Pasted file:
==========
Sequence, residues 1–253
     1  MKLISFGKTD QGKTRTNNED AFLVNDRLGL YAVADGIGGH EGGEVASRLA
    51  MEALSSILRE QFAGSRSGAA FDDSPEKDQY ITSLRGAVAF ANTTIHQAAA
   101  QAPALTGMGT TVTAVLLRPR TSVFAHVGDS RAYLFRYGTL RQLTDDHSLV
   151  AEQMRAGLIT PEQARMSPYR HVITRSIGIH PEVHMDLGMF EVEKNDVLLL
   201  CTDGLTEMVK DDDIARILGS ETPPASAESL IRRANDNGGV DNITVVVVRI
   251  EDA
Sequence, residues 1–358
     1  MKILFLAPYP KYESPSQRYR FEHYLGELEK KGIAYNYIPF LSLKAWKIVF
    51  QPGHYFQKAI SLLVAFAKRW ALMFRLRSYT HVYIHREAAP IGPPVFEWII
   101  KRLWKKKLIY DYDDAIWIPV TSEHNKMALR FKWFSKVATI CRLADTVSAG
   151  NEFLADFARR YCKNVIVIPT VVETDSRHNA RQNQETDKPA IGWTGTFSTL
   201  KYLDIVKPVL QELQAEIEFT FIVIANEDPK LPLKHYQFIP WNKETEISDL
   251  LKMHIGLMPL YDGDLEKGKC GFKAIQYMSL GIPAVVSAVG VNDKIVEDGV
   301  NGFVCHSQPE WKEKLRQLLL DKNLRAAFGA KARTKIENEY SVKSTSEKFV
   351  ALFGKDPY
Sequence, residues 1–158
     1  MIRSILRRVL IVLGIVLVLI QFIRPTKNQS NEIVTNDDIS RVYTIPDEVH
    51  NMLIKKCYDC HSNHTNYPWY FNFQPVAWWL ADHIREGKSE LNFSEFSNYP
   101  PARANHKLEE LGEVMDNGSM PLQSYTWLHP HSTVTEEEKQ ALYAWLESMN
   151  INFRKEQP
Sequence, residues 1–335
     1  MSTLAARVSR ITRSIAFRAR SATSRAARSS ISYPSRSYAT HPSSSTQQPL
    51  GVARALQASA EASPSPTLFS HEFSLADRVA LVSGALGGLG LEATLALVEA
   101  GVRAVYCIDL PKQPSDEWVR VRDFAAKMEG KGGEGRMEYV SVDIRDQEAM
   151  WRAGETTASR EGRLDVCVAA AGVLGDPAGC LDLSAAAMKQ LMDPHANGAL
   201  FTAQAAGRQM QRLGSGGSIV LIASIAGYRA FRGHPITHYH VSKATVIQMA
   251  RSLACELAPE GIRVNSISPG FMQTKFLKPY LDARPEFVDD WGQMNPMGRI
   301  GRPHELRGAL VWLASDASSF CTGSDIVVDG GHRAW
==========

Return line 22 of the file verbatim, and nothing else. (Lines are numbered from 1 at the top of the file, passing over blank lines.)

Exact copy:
Sequence, residues 1–335